While social media has it’s drawbacks, being able to stay connected with my friends and family is what makes this situation less of a challenge. We share silly memes and jokes full of pandemic humor, because a good laugh reduces stress. But even as we stay connected, I still feel the sting of how this quarantine impacts things that are trivial in comparison to the situation at hand, but still carry with them sadness just the same. We celebrated Bean’s birthday, and while she remained as positive as ever, I know she was disappointed about missing her planned trip to the amusement park. Bear turns 16 this week, and all he wanted was to eat at his favorite restaurant, which is clearly a no-go. So many of our favorite places have closed and it remains to be seen if they will be able to reopen when this crisis ends. So, a milestone birthday will feel just like any other day, even if we do our best to celebrate at home. We couldn’t even get his gift shipped due to overseas manufacturing shutdowns.

Most of all, watching G-Man’s senior year end like this has been especially difficult. Both senior prom and his graduation ceremony look doubtful, and the the huge party we planned and our first international vacation will not happen.  He also missed signing day at his future college, because they had cancel all on-campus events.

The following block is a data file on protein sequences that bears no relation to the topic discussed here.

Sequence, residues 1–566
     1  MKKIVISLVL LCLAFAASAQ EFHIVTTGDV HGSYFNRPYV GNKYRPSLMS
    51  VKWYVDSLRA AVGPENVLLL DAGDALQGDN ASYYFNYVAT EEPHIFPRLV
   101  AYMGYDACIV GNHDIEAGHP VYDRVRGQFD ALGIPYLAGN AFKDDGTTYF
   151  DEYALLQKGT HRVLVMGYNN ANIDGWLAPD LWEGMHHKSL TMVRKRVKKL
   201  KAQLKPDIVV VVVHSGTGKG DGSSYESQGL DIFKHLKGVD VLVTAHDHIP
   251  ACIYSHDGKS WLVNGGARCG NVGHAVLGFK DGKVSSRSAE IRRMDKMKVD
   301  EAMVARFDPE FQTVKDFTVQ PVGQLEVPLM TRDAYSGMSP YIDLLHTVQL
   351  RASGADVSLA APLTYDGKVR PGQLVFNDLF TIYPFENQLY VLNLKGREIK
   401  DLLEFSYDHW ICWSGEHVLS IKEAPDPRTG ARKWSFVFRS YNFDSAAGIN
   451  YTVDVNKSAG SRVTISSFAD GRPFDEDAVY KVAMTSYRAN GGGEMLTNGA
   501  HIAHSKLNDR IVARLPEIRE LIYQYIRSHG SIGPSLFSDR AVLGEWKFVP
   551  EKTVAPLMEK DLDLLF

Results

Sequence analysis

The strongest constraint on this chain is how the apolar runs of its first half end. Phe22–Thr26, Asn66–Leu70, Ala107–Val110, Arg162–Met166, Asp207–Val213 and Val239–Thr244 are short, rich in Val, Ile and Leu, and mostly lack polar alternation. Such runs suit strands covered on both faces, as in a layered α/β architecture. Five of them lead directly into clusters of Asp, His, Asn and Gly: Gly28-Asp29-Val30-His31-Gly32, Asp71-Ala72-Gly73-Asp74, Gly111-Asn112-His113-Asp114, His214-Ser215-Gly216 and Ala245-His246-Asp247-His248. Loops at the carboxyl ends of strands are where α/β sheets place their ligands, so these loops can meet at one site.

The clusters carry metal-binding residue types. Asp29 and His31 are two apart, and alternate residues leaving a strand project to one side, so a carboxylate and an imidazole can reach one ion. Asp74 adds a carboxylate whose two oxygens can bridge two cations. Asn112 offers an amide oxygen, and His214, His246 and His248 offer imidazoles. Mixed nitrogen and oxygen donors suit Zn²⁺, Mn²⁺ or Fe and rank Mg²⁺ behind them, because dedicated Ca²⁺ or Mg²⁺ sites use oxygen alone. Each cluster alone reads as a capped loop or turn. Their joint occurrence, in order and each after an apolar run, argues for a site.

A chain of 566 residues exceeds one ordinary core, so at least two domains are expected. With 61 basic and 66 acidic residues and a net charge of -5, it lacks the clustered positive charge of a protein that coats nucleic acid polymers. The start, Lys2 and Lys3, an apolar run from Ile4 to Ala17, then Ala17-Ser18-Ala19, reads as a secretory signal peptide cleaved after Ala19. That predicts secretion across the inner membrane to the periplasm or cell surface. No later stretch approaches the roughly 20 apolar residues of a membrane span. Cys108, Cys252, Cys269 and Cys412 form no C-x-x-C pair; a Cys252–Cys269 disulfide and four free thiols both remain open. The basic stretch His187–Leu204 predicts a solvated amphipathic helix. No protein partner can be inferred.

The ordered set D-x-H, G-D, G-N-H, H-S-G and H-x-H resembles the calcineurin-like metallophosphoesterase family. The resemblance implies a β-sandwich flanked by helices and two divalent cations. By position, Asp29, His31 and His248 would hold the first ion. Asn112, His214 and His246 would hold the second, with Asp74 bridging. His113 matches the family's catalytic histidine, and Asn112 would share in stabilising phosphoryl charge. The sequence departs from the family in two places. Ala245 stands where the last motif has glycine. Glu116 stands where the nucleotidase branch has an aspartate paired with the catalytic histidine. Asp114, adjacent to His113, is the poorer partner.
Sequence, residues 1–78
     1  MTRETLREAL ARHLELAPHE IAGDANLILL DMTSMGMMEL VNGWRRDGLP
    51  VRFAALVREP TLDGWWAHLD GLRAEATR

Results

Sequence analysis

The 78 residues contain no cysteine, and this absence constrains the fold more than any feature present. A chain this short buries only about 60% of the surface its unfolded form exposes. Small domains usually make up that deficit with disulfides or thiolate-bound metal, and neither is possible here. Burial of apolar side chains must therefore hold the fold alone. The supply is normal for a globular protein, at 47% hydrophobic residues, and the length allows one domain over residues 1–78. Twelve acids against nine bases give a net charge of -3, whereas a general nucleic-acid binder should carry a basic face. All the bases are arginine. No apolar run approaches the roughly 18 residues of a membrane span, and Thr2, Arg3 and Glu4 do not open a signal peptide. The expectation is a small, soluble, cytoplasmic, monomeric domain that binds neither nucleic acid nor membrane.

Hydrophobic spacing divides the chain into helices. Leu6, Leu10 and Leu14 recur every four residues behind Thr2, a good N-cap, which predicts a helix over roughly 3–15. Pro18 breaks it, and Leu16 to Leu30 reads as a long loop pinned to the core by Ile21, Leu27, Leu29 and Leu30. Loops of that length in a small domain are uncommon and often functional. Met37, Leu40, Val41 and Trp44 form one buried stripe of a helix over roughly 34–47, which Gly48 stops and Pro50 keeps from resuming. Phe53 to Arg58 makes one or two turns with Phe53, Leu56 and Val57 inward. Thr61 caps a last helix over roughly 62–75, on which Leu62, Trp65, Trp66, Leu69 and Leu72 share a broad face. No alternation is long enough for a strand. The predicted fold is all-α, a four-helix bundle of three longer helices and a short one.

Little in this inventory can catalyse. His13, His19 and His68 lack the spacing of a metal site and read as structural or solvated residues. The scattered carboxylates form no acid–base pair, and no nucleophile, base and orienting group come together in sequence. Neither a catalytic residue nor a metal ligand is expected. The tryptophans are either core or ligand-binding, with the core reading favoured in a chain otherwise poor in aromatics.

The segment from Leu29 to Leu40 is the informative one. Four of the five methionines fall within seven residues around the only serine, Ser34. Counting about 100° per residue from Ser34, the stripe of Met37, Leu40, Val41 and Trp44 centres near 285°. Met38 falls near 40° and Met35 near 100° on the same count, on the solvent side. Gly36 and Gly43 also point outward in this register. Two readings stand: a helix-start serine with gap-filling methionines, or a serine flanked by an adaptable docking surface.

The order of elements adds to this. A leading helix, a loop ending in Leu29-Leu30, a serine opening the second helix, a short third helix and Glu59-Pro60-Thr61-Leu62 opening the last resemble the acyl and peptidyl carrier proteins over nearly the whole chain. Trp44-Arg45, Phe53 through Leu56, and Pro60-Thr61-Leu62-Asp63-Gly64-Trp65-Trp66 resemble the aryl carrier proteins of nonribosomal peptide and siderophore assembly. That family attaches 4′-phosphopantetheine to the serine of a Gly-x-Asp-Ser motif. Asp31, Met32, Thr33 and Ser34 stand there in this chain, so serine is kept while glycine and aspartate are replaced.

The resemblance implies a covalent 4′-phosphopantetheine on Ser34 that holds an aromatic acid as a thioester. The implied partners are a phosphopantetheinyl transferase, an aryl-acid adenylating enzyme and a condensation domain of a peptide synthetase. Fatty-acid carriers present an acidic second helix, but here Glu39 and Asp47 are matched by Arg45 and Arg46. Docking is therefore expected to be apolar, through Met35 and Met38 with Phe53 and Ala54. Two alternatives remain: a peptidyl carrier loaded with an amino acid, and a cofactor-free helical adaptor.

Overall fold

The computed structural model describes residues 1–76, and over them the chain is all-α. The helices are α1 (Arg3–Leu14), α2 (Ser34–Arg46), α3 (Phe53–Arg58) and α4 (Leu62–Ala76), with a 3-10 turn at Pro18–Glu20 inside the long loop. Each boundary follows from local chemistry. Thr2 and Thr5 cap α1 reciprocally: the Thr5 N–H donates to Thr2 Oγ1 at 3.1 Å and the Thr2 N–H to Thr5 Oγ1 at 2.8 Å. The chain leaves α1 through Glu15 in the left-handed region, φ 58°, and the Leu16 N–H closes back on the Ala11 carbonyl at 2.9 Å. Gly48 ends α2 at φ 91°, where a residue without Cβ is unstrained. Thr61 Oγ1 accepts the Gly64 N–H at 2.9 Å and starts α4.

Despite these small disappointments, the Heathens have been amazingly understanding. They 100% get the magnitude of what is happening, and know we all have to do our part to flatten the curve. When I start to let the stress of these strange times get to me, or when I want to tear my hair out while attempting to homeschool, I also take a breath and focus on gratitude. These are miniscule drops in a bucket in comparison to the proverbial hurricane so many others face right now, as well as the real sacrifices being made by those most impacted by this pandemic.

Changing directions, progress surprisingly continued on the pool project: